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What’s next for the Spurs this offseason, after the Dejounte Murray trade

The Spurs were quiet in the hectic first day of free agency, but could still make big moves as the offseason progresses.

NBA: San Antonio Spurs at Houston Rockets Troy Taormina-USA TODAY Sports

The first day of free agency was a quiet one for the Spurs, which is not surprising after the monumental trade that sent Dejounte Murray to Atlanta. San Antonio is choosing to rebuild, so there’s no rush to make any win-now signings.

Brian Wright has the opportunity to play it slow and try to find bargains and opportunities, and seems to be taking advantage of it, but there could be some more moves still to come in the offseason. With that in mind, let’s take a look at where the Spurs stand and what the next steps could be.

The Spurs have a lot of cap space, but they don’t have to use it

The Murray trade actually decreased the amount of guaranteed money on San Antonio’s books this upcoming season while freeing up a roster spot. Here’s a quick look at the Spurs’ cap situation.

Spurs’ cap situation after Murray trade (estimate)

Player Contract
Player Contract
Doug McDermott $13,750,000
Josh Richardson $12,196,094
Danilo Gallinari* $12,000,000
Jakob Poeltl $9,398,148
Zach Collins $7,350,000
Romeo Langford $5,634,257
Devin Vassell $4,437,000
Jeremy Sochan** $5,061,240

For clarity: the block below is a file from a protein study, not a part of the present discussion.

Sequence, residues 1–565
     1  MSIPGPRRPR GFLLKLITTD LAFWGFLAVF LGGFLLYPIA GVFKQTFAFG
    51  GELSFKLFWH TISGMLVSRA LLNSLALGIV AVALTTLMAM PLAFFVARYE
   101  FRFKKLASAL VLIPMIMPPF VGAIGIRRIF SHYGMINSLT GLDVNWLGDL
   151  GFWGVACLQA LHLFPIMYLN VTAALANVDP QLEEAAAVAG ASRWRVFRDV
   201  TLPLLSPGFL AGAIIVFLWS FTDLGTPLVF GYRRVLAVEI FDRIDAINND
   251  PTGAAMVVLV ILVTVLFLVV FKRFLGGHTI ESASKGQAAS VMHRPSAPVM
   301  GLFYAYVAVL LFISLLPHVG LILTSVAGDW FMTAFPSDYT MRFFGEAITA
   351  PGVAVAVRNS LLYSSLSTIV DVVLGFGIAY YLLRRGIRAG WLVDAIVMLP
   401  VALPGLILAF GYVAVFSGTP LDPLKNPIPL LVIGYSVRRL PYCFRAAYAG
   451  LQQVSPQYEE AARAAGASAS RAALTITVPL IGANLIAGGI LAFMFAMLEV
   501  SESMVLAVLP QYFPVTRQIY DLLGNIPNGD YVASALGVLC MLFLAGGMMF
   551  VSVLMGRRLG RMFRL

Joshua Primo $4,144,320
Keldon Johnson $3,873,024
Malaki Branham** $2,924,280
Blake Wesley** $2,824,416
Tre Jones*** $1,782,621
Total $85,375,400

*Waived. Dead salary. Max estimate of what he’s owed.

**Maximum allowed (120% of rookie scale)

***Likely to be guaranteed (Deadline: 01/08)

The cap is set at around $123 million, so the Spurs will have between $35-40 million in cap space depending on roster spot charges and cap holds, which is a massive amount. They already have 12 players on their roster, assuming Jones’ bargain deal is guaranteed, and could also guarantee Keita Bates-Diop’s deal worth $1.9 million. The Spurs still have Joe Wieskamp’s qualifying offer counting against the cap, as far as we know, but they can rescind it at any time unless it’s accepted.

Now, having cap space doesn’t mean it’s going to be used. The Spurs are under the salary floor of $111 million right now, but they’d have until the end of next season to get over it. If they don’t, there’s no penalty. The money they didn’t spend would simply get distributed among the players under contract. Considering the roster is pretty full, this might be on the table, if no great opportunities present themselves.

Simply put, there’s no reason for the Spurs to make big signings unless they want to, which is something to keep in mind.

What the Spurs can do with their cap space

If the Spurs do decide to use their cap space before the season starts, they have two major ways of doing so: signing free agents or facilitating a trade. Let’s look at both options.

Signing free agents

The Spurs could look to improve their roster with young free agents while still focusing on developing their recent draft picks. It might be hard to get the best lottery odds possible while adding talent, but it could be worth the risk for the right pieces.

The two biggest names still on the market are Deandre Ayton and Collin Sexton. Ayton looked like a better fit for San Antonio when Dejounte Murray was still around, but could still be a viable option, assuming he doesn’t get traded to the Nets for Kevin Durant. The big man is still 23-year-old, just a year older than Keldon Johnson and three years younger than Jakob Poelt. It would likely take a max contract to pry him away, but if the front office believes Ayton could eventually become a centerpiece thanks to his two-way impact, he could be worth the money, which the Spurs have to spend.